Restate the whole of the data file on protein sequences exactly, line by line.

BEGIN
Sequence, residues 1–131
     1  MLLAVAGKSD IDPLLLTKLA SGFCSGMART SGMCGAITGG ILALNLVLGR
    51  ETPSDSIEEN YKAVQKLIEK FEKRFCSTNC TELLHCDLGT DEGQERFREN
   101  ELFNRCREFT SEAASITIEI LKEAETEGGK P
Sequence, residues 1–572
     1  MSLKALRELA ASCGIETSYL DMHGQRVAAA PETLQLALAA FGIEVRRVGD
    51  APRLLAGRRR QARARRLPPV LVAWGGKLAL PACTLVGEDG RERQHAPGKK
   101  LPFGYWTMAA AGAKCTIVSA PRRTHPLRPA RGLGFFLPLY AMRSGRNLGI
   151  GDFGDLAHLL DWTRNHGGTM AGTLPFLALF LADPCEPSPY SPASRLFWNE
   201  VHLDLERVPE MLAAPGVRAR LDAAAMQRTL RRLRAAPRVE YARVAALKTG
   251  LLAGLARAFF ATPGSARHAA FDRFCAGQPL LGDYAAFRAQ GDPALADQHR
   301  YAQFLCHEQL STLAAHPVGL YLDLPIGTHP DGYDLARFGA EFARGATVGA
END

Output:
Sequence, residues 1–131
     1  MLLAVAGKSD IDPLLLTKLA SGFCSGMART SGMCGAITGG ILALNLVLGR
    51  ETPSDSIEEN YKAVQKLIEK FEKRFCSTNC TELLHCDLGT DEGQERFREN
   101  ELFNRCREFT SEAASITIEI LKEAETEGGK P
Sequence, residues 1–572
     1  MSLKALRELA ASCGIETSYL DMHGQRVAAA PETLQLALAA FGIEVRRVGD
    51  APRLLAGRRR QARARRLPPV LVAWGGKLAL PACTLVGEDG RERQHAPGKK
   101  LPFGYWTMAA AGAKCTIVSA PRRTHPLRPA RGLGFFLPLY AMRSGRNLGI
   151  GDFGDLAHLL DWTRNHGGTM AGTLPFLALF LADPCEPSPY SPASRLFWNE
   201  VHLDLERVPE MLAAPGVRAR LDAAAMQRTL RRLRAAPRVE YARVAALKTG
   251  LLAGLARAFF ATPGSARHAA FDRFCAGQPL LGDYAAFRAQ GDPALADQHR
   301  YAQFLCHEQL STLAAHPVGL YLDLPIGTHP DGYDLARFGA EFARGATVGA